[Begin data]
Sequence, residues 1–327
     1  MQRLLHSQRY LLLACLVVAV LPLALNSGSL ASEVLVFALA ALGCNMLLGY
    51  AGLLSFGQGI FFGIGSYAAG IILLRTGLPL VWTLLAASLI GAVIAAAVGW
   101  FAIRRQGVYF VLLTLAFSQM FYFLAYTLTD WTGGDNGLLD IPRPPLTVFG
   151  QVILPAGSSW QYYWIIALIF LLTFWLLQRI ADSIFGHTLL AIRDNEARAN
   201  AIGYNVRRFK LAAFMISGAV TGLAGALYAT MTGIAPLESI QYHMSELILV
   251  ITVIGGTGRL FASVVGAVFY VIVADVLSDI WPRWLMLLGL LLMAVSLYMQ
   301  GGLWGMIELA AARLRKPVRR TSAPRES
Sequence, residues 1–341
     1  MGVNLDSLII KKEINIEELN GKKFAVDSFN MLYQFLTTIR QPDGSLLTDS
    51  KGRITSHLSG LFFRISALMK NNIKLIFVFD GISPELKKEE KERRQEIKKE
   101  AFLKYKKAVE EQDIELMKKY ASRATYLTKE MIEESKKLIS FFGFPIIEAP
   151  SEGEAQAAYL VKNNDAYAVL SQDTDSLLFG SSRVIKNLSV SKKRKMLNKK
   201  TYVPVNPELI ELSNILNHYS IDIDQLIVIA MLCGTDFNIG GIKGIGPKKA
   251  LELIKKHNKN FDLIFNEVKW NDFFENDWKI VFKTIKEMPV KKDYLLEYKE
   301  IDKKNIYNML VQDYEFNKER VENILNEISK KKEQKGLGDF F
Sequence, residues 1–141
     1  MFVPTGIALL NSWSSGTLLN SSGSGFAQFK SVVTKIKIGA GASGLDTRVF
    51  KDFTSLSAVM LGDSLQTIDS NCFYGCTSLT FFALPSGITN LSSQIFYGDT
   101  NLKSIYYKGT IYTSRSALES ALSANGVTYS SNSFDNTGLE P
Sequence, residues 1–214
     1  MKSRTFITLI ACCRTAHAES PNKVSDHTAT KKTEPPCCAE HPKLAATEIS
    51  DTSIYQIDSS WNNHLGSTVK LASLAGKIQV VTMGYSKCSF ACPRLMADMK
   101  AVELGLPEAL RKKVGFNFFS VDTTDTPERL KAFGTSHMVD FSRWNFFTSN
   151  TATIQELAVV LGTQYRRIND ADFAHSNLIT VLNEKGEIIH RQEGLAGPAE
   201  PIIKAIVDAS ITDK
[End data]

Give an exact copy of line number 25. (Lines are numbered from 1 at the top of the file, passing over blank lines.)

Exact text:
   151  TATIQELAVV LGTQYRRIND ADFAHSNLIT VLNEKGEIIH RQEGLAGPAE